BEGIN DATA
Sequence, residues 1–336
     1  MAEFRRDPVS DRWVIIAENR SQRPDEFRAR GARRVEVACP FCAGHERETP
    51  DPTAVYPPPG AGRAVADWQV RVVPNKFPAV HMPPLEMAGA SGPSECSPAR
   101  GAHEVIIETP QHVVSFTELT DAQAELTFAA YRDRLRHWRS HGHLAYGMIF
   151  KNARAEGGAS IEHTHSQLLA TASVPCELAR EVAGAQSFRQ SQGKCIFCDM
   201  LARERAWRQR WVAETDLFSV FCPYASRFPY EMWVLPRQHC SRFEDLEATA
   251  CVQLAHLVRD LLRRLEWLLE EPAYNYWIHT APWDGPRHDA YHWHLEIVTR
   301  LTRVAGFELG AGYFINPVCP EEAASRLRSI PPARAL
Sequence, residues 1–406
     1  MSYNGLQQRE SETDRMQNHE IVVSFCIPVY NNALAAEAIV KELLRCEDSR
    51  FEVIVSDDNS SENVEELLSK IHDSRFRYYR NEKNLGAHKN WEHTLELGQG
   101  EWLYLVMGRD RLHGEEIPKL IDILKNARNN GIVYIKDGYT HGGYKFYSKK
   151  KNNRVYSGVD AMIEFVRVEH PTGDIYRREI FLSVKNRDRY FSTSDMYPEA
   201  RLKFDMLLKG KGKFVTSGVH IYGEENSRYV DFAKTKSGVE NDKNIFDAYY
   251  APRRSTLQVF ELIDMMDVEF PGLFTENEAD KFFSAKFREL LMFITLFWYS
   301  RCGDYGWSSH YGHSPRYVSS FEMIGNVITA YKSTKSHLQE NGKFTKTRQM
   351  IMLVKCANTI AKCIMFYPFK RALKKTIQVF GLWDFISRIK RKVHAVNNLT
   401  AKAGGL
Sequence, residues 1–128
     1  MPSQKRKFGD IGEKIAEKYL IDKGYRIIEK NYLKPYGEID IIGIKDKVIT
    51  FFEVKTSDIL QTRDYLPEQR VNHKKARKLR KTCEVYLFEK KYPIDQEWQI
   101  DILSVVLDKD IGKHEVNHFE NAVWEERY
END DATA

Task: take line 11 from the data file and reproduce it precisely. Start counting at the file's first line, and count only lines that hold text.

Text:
    51  FEVIVSDDNS SENVEELLSK IHDSRFRYYR NEKNLGAHKN WEHTLELGQG